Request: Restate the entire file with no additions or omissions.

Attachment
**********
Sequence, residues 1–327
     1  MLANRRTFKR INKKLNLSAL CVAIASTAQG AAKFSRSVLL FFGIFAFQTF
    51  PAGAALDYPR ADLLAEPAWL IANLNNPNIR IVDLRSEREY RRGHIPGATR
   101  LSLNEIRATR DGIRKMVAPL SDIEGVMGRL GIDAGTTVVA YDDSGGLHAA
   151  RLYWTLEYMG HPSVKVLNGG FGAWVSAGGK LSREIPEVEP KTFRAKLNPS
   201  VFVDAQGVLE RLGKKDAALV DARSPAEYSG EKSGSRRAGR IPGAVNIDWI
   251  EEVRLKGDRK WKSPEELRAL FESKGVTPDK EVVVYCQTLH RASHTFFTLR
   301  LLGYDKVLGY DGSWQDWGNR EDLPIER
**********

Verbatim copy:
Sequence, residues 1–327
     1  MLANRRTFKR INKKLNLSAL CVAIASTAQG AAKFSRSVLL FFGIFAFQTF
    51  PAGAALDYPR ADLLAEPAWL IANLNNPNIR IVDLRSEREY RRGHIPGATR
   101  LSLNEIRATR DGIRKMVAPL SDIEGVMGRL GIDAGTTVVA YDDSGGLHAA
   151  RLYWTLEYMG HPSVKVLNGG FGAWVSAGGK LSREIPEVEP KTFRAKLNPS
   201  VFVDAQGVLE RLGKKDAALV DARSPAEYSG EKSGSRRAGR IPGAVNIDWI
   251  EEVRLKGDRK WKSPEELRAL FESKGVTPDK EVVVYCQTLH RASHTFFTLR
   301  LLGYDKVLGY DGSWQDWGNR EDLPIER